Enoch’s Piety and Translation

Eternal God, our wondering souls
Admire Thy matchless grace;
That Thou wilt walk, that thou wilt dwell,
With Adam’s worthless race.

O lead me to that happy path,
Where I my God may meet;
Tho’ hosts of foes begird it round,
Tho’ briars wound my feet.

Cheer’d with Thy converse, I can trace
The desert with delight
Thro’ all the gloom one smile of Thine
Can dissipate the night.

Nor shall I thro’ eternal days
A restless pilgrim roam;
Thy hand, that now directs my course,
Shall soon convey me home.

I ask not Enoch’s rapt’rous flight
To realms of heav’nly day;
Nor seek Elijah’s fiery steeds
To bear this flesh away.

Joyful my spirit will content
To drop its mortal load;
And hail the sharpest pangs of death,
That break its ways to God.
Enoch’s Piety and Translation (Genesis 5:24; Hebrews 11:5)

-Philip Doddridge, Published 1755. Republished in The Hymns of Philip Doddridge, compiled by Graham C. Ashworth. Reformation Heritage Books, 2010. (hymn 1)

Rejoicing in Our Covenant Engagements to God

O happy day, that fixed my choice
On Thee, my Savior and my God!
Well may this glowing heart rejoice,
And tell its raptures all abroad.

O happy bond, that seals my vows
To Him Who merits all my love!
Let cheerful anthems fill His house,
While to that sacred shrine I move.

’Tis done: the great transaction’s done!
I am the Lord’s and He is mine;
He drew me, and I followed on;
Charmed to confess the voice divine.

Now rest, my long divided heart,
Fixed on this blissful center, rest.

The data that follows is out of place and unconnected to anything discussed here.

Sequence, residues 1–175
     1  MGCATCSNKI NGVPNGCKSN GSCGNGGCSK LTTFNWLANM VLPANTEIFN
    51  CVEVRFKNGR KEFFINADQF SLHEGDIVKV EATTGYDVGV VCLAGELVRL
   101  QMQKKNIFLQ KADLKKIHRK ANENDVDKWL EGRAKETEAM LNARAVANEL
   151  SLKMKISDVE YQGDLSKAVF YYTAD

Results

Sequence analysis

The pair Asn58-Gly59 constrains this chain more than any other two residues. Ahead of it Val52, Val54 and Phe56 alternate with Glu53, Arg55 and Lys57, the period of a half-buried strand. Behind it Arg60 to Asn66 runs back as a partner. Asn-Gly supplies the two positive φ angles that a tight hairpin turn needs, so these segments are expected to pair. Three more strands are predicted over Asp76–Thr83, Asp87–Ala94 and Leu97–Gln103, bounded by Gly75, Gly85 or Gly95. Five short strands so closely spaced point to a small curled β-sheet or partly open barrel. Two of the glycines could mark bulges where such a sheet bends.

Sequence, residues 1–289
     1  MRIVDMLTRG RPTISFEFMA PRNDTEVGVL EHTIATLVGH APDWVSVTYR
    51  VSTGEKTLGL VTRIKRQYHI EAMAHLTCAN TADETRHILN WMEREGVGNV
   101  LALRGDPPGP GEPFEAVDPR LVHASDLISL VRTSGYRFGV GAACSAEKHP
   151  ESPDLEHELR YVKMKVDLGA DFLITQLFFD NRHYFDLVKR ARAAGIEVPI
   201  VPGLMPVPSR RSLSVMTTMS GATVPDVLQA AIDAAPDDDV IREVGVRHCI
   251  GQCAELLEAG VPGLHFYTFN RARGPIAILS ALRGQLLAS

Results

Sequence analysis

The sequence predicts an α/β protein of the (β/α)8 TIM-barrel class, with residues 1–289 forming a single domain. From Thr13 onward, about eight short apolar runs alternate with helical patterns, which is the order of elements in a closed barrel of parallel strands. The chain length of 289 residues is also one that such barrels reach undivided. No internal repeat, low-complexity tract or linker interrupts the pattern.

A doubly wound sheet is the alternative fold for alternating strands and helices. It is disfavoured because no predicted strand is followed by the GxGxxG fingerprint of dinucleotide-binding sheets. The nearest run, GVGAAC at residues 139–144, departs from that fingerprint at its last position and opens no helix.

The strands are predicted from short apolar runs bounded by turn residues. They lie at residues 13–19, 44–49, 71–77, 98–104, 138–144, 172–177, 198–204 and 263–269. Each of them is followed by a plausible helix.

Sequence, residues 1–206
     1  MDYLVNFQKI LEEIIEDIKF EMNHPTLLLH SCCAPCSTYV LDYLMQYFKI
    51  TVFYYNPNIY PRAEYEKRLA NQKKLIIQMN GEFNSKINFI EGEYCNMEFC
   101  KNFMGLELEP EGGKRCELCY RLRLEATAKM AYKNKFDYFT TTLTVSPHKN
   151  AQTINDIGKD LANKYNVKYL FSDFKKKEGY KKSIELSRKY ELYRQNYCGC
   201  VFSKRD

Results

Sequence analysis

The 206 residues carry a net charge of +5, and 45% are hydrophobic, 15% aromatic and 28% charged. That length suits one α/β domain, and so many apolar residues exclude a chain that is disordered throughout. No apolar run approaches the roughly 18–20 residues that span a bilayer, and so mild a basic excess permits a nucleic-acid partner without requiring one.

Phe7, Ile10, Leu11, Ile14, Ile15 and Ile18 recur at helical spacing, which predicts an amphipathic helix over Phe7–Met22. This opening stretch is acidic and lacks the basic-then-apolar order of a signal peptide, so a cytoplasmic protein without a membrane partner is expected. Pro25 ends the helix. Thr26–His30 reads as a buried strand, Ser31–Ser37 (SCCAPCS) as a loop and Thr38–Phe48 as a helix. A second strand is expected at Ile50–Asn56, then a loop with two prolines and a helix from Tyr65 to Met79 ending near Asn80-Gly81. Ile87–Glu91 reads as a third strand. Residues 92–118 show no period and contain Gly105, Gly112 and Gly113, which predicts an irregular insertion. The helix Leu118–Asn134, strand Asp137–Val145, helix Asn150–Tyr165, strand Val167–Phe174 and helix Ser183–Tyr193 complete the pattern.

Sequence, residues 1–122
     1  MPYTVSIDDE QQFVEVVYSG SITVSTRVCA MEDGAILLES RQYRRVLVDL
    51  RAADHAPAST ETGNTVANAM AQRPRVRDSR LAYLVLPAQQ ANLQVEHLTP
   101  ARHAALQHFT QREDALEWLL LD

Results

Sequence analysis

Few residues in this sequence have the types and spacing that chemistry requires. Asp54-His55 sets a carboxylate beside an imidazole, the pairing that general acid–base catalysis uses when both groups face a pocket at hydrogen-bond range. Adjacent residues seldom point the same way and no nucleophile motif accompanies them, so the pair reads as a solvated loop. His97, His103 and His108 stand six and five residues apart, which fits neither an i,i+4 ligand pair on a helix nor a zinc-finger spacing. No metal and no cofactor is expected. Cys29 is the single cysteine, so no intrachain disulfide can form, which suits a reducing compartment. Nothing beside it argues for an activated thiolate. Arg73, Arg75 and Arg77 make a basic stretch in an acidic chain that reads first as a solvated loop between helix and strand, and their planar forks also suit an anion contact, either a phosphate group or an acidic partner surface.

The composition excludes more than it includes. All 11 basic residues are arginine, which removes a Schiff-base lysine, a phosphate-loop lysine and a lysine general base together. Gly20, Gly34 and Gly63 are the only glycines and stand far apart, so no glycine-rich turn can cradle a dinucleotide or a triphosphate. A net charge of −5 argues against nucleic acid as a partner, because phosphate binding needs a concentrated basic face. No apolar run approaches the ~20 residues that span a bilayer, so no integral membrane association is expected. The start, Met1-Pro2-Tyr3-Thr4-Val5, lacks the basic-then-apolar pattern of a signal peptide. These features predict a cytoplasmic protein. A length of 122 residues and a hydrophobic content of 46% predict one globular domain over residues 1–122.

Here have I found a nobler part;
Here heavenly pleasures fill my breast.

High heaven, that heard the solemn vow,
That vow renewed shall daily hear,
Till in life’s latest hour I bow
And bless in death a bond so dear.

-Philip Doddridge, Published 1755.  Republished in The Hymns of Philip Doddridge, compiled by Graham C. Ashworth. Reformation Heritage Books, 2010. (hymn 23)

Do Not I Love Thee

Do not I love Thee, O my Lord?
Behold my heart and see;
And turn each cursed idol out,
That dares to rival Thee.

Do not I love Thee, O my Lord?
Then let me nothing love;
Dead be my heart to every joy,
When Jesus cannot move.

Is not Thy Name melodious still
To mine attentive ear?
Doth not each pulse with pleasure bound
My Savior’s voice to hear?

Hast Thou a lamb in all Thy flock
I would disdain to feed?
Hast Thou a foe, before whose face
I fear Thy cause to plead?

Would not mine ardent spirit vie
With angels round the throne,
To execute Thy sacred will,
And make Thy glory known?

Would not my heart pour forth its blood
In honor of Thy Name?
And challenge the cold hand of death
To damp th’immortal flame?

Thou know’st I love Thee, dearest Lord,
But O, I long to soar
Far from the sphere of mortal joys,
And learn to love Thee more!

 

-Philip Doddridge, Published 1755.  Republished in The Hymns of Philip Doddridge, compiled by Graham C. Ashworth. Reformation Heritage Books, 2010.

And Will the Judge Descend

And will the Judge descend,
And must the dead arise
And not a single soul escape
His all discerning eyes?

And from His righteous lips
Shall this dread sentence sound
And through the numerous guilty throng
Spread black despair around:

“Depart from Me, accursed,
To everlasting flame,
For rebel angels first prepared,
Where mercy never came”?

How will my heart endure
The terrors of that day
When earth and Heav’n before His face
Astonished shrink away?

But ere that trumpet shakes
The mansions of the dead,
Hark from the Gospel’s cheering sound
What joyful tidings spread:

Ye sinners, seek His grace
Whose wrath ye cannot bear;
Fly to the shelter of His cross
And find salvation there.

-Philip Doddridge, pub­lished post­hu­mous­ly in Hymns Founde­d on Var­i­ous Texts in the Ho­ly Scrip­ture. By the Late Rev­er­end Phil­ip Dod­dridge, D. D., by Job Or­ton (J. Ed­dowes & J. Cot­ton: 1755).